Royal Bank of Scotland Group plc And Lloyds Banking Group PLC Set To Enter The Payday Loans Market

As banks, Royal Bank of Scotland (LSE: RBS) (NYSE: RBS.US) and Lloyds (LSE: LLOY) (NYSE: LYG.US) are always looking for new ways to make money, and they have just spotted a great opportunity. 

This opportunity comes in the form of the payday loans market, where the FCA has just introduced strict new lending criteria for operators. 

FCA intervention Lloyds

On Tuesday, the FCA outlined its proposed new rules for payday lenders in a move aimed at cleaning up the industry.

The regulator revealed that from the beginning of next year, interest and fees on short-term loans must not exceed 0.8% a day of the amount borrowed. That’s around 24% per month on a loan of £100. What’s more, the FCA revealed that late payment fees would be capped at £15 and there will be a total price limit of 100% of the original loan.

Industry shock

According to City analysts, these regulations will cost the payday loan industry around £420m, around 42% of the industry’s combined annual revenues. As a result, it is expected that many lenders will be driven out of business, as the cost of operating within the industry rises and profits s hrink.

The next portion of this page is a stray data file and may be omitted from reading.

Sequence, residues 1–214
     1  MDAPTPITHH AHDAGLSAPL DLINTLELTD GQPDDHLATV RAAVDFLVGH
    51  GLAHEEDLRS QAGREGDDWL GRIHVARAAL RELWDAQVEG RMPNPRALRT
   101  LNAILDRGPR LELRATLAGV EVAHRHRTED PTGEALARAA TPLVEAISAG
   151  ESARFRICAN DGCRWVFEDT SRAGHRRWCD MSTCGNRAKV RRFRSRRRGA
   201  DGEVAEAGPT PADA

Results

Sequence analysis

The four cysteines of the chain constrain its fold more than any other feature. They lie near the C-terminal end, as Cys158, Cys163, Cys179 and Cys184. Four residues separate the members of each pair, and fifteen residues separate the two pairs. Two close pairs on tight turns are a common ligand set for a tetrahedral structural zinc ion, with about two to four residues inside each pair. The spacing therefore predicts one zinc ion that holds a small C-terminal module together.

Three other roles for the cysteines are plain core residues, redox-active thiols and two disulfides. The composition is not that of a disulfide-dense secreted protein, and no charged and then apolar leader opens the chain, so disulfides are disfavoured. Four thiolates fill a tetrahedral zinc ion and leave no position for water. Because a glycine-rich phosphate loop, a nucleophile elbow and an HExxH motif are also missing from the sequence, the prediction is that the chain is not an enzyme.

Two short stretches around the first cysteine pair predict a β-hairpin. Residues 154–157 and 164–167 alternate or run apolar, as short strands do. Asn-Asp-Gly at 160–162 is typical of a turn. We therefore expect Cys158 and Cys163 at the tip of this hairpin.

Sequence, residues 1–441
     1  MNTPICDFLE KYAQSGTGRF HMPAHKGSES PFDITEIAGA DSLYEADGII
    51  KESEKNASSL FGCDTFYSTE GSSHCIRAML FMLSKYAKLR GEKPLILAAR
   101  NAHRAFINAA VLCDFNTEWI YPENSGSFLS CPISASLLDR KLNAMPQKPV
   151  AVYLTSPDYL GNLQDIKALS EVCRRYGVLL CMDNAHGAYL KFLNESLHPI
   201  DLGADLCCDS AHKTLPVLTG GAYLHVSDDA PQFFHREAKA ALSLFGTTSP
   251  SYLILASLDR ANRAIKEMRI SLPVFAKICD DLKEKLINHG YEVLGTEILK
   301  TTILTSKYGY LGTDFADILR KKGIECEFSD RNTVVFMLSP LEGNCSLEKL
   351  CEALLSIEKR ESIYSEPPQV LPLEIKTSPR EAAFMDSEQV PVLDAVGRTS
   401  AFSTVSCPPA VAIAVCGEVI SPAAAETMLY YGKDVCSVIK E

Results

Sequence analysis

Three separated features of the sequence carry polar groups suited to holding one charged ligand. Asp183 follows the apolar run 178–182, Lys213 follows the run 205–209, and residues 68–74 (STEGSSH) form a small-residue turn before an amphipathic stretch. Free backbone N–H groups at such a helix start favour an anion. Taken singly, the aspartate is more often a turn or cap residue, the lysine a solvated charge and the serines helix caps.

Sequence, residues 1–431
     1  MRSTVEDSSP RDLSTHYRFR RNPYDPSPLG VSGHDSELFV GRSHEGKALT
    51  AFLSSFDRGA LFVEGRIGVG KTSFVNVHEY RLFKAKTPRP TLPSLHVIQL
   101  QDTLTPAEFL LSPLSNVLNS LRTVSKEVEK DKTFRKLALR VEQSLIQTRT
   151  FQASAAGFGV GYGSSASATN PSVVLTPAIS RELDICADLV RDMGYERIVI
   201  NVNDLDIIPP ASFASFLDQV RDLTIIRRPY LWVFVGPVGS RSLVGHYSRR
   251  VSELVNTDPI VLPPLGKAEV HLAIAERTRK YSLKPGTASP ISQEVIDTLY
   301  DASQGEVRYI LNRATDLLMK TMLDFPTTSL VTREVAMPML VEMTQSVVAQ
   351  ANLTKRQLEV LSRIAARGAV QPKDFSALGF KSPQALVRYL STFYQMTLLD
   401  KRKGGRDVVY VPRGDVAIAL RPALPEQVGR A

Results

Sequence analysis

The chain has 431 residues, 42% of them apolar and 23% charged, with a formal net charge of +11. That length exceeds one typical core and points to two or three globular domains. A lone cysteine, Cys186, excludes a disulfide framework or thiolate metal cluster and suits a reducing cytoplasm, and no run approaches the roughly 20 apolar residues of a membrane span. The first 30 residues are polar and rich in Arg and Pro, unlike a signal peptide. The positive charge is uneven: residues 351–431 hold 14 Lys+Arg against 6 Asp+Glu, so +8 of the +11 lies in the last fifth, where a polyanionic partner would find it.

Lloyds and RBS can see an opportunity here, and they have put plans in place to fill this potential gap in the market. 

In particular, Lloyds is looking into the prospect of offering smaller loan sums to customers, for shorter time periods, targeting customers who might have otherwise turned to a payday lender. 

Meanwhile, RBS is planning to speed up the time it takes to approve its existing loan offering, an initiative named “loans within minutes”. However, both Lloyds and RBS are stopping short of offering a traditional payday lender service. This has given rise to the term ‘quick credit’, as opposed to payday lending. 

Actually, RBS’s management has clearly stated that the bank will not offer small loan sums similar to those available from payday firms. The reasoning behind this is quite simple, the bank cannot afford to loosen lending standards as it remains under scrutiny by regulators. 

Still, RBS’s drive to offer loans within minutes is prompting an upgrade of the bank’s computer systems, something that has been long overdue.

Tough to analyse 

RBS's and Lloyds' entry into the quick credit market should improve the banks reputation with customers. Nevertheless, only you can decide if either of the banks deserve a place within your portfolio. 

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Rupert Hargreaves has no position in any shares mentioned. The Motley Fool owns shares in Standard Chartered.